6. TUAC would repeat some of the recommendations it made a year ago with regard to the treatment of micro-economic analysis and structural policy. At national level finance and economics Ministries have played the dominant role in determining economic policy strategies. The predominance of the Economic Policy Committee, the EDRC and the Economics Department within the OECD structure reflect this. In TUAC's view the main responsibility for structural policy should be with the specialist departments where there is expertise and where the practical implications and trade offs in policy advice can be identified more clearly. The ECO, EPC and EDRC could draw on this work when necessary in assessing the interactions of macro-economic policy and structural policy.
  7. If the OECD is to deliver more country specific policy advice and surveillance against a background of increased horizontal work, the current EDRC process will need to be substantially restructured. Rather than structural policy chapters appearing as national recommendations for implementing a general strategy they need to be tailor made to specific country circumstances and draw upon the knowledge of the specialist Committees. The EDRC should therefore be replaced by a more broad-based Committee, served by a general coordination unit of country desks not attached to any particular department and geared towards multidisciplinary work.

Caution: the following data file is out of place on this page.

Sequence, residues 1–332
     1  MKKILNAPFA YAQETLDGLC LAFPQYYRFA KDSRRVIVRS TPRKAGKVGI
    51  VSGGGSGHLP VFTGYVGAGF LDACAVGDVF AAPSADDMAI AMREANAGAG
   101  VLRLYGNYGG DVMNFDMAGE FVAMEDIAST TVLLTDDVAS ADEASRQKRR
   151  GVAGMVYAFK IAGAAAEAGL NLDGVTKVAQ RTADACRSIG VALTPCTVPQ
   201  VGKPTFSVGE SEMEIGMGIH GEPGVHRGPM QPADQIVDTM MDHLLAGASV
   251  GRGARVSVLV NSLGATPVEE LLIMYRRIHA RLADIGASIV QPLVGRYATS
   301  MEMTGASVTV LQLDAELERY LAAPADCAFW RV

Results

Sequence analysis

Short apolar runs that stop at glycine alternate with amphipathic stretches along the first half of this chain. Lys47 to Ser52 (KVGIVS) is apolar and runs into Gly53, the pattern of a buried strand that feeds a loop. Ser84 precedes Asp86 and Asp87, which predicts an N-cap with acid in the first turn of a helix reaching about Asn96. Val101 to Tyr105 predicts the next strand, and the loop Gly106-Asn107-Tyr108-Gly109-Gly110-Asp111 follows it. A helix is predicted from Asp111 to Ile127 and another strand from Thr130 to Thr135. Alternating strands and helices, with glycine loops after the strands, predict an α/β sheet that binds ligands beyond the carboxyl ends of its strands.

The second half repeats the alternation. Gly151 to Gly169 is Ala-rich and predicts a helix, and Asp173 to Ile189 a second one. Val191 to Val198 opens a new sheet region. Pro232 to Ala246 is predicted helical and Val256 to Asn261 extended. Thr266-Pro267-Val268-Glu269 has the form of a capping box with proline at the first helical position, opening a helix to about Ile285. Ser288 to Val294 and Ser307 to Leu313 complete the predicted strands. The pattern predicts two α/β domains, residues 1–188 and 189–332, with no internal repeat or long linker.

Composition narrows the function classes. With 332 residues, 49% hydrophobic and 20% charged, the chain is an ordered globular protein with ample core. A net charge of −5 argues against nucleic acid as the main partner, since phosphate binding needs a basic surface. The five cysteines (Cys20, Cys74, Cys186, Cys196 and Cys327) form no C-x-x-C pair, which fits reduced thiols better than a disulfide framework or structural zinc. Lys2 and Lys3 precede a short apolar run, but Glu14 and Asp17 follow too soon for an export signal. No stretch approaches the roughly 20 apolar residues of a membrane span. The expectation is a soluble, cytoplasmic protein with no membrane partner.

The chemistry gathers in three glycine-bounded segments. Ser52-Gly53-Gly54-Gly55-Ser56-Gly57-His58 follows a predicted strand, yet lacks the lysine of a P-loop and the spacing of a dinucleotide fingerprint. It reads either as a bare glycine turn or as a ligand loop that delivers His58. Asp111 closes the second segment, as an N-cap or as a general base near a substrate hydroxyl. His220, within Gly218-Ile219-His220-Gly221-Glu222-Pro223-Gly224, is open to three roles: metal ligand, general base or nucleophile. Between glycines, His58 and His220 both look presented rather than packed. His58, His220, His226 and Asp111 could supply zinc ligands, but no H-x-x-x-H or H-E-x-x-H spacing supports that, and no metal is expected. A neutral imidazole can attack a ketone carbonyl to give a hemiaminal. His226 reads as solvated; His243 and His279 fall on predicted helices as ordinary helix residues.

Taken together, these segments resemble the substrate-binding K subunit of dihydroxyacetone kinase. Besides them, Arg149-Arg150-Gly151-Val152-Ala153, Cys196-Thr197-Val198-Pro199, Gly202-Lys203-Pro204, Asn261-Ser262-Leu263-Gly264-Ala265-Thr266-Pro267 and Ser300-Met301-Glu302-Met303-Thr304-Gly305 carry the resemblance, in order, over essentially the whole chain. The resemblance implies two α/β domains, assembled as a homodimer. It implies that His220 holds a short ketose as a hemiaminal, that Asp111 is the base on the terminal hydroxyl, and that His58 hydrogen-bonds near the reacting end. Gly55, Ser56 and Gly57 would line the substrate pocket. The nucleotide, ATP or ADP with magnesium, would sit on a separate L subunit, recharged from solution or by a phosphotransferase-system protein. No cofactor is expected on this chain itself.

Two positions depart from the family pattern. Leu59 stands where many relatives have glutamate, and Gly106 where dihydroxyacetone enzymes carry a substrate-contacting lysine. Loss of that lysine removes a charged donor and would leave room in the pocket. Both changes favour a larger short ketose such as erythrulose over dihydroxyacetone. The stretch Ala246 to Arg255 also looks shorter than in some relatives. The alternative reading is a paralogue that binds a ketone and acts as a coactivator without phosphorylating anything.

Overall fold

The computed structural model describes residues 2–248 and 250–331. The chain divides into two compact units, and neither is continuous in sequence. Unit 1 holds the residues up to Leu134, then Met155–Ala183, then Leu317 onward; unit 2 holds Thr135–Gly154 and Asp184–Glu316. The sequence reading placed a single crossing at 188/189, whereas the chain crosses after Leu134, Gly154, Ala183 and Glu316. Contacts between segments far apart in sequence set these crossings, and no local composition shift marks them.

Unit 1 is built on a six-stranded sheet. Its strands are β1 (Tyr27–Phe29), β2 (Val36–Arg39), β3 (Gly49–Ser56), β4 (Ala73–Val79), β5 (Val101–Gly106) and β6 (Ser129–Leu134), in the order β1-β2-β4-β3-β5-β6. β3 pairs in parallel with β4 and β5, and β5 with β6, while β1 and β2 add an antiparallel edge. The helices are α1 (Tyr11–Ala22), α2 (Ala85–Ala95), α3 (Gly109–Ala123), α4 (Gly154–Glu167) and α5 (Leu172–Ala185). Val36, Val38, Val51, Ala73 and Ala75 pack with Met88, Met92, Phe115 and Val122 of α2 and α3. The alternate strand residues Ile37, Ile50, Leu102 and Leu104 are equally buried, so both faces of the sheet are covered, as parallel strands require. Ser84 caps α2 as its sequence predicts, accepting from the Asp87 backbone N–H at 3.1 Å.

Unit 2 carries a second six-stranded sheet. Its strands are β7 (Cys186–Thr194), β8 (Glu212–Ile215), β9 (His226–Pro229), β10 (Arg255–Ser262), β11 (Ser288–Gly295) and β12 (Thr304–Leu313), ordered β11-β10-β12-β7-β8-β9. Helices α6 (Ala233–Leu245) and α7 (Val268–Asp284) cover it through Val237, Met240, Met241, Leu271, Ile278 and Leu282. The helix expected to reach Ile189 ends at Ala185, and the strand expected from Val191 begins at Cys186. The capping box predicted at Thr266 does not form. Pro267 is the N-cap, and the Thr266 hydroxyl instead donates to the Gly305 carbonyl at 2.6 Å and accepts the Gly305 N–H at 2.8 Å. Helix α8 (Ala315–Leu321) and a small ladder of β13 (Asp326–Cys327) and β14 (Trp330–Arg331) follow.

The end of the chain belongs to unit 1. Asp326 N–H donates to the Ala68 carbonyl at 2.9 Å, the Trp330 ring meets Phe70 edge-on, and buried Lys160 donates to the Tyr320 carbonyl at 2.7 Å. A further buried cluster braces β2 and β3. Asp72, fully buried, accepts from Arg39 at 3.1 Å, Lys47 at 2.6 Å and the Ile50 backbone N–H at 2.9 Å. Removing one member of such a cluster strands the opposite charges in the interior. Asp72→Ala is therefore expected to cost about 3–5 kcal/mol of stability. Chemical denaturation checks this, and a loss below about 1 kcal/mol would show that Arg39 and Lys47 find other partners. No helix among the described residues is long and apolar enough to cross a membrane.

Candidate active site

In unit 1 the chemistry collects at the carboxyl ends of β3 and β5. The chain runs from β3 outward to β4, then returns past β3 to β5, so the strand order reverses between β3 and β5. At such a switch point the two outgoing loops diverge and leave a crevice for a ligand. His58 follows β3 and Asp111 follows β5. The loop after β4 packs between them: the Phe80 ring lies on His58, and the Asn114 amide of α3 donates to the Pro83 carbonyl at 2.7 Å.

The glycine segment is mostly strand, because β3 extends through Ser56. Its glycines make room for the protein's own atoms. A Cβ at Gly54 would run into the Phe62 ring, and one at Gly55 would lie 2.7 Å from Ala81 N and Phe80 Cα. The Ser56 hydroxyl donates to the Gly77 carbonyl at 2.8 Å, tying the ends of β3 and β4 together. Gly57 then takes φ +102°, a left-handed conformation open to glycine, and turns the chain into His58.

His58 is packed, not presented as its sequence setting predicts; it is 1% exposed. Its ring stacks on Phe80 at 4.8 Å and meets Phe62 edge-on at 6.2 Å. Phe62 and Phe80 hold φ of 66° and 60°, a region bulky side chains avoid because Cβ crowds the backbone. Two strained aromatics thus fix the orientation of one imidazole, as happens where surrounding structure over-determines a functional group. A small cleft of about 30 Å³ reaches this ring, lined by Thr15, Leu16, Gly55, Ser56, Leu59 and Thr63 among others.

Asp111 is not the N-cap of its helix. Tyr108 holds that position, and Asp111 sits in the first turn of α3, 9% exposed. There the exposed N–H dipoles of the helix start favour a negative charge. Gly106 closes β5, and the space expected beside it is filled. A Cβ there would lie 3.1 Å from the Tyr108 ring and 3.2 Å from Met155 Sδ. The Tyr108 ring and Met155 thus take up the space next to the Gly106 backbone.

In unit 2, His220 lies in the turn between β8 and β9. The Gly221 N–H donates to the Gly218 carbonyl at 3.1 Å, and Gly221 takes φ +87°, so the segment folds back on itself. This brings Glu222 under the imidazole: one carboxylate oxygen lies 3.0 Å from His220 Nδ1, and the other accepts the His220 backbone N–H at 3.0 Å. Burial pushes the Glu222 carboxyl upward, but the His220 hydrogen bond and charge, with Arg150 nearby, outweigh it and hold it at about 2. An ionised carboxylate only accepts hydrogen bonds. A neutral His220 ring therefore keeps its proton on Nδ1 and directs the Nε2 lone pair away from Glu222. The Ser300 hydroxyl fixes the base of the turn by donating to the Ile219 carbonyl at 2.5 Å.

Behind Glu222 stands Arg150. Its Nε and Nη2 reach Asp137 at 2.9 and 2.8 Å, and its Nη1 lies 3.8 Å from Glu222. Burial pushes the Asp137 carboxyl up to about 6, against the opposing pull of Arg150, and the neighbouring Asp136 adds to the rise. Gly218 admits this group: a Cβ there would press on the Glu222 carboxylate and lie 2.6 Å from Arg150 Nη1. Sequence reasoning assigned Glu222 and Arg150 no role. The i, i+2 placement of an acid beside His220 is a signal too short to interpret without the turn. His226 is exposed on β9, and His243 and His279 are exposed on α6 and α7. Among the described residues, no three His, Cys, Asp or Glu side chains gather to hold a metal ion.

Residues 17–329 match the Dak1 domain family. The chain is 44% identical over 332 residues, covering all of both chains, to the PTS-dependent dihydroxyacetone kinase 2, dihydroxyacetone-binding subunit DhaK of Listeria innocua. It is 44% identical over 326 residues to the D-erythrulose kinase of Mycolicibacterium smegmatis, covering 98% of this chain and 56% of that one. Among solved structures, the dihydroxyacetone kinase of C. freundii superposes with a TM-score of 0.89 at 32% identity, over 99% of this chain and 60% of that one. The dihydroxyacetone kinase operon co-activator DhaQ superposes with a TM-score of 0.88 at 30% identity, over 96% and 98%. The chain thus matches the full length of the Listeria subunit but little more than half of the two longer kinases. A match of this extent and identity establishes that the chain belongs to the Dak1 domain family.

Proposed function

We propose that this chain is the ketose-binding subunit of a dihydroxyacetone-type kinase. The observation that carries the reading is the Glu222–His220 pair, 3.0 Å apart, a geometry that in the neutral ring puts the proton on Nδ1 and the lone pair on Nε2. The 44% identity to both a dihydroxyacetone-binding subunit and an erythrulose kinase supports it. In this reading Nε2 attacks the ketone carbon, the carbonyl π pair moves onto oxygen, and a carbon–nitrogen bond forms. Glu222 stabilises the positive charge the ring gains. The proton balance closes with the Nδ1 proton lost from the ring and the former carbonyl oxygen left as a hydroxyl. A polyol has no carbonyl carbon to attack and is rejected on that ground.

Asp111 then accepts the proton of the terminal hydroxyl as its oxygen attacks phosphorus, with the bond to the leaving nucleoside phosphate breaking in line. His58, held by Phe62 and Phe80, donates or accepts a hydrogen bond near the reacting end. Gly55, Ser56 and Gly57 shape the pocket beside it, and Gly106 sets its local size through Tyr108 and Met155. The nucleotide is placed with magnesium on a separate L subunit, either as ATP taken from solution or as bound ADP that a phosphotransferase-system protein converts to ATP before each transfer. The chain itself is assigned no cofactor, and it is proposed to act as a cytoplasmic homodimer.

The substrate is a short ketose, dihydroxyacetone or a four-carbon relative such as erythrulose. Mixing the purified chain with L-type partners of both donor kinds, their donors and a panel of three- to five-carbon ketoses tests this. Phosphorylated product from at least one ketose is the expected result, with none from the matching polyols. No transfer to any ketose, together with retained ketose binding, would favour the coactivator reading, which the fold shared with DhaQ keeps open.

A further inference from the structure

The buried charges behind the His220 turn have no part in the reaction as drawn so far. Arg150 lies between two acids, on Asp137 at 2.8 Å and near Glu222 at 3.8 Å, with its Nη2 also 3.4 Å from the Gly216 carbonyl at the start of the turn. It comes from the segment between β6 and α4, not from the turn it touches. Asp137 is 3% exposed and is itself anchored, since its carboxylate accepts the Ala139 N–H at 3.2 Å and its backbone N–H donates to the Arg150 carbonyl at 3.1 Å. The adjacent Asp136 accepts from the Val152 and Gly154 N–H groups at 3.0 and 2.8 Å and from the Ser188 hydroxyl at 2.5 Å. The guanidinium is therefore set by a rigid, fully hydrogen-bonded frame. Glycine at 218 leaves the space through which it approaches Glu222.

8. TUAC has proposed that with regard to the Jobs Study follow-up the trade unions be invited to give comments on recommendations relating to employment before, rather than after, the Country Reviews are published. An opportunity to express comments could increase the commitment of the social partners to the OECD's recommendations when reviews are undertaken.
  9. The "Strategic Objectives" paper gives a central role to horizontal activities. TUAC has welcomed the innovative and open approach of the Secretariat in inviting its views on the Horizontal Programme on Regulatory Reform. This would be a useful model to follow in future horizontal work. It is hoped more generally to reduce the formality of some standard consultations and achieve more interactive involvement with OECD bodies.
  10. The note states the need to develop communication and dialogue between the OECD and all parts of civil society. As far as TUAC is concerned involvement in the OECD discussions could be strengthened through for example :
  11. the development of OECD seminars and round tables involving TUAC at national level;
    the invitation of representative trade union speakers to Committee and Ministerial meeting sessions;
    at a national level more intensive involvement of trade unions in consultations on country specific recommendations;
    the development and more active use of the Labour/Management Programme.

TUAC is ready to work with the OECD to develop the above initiatives into a genuine "In-reach" Programme.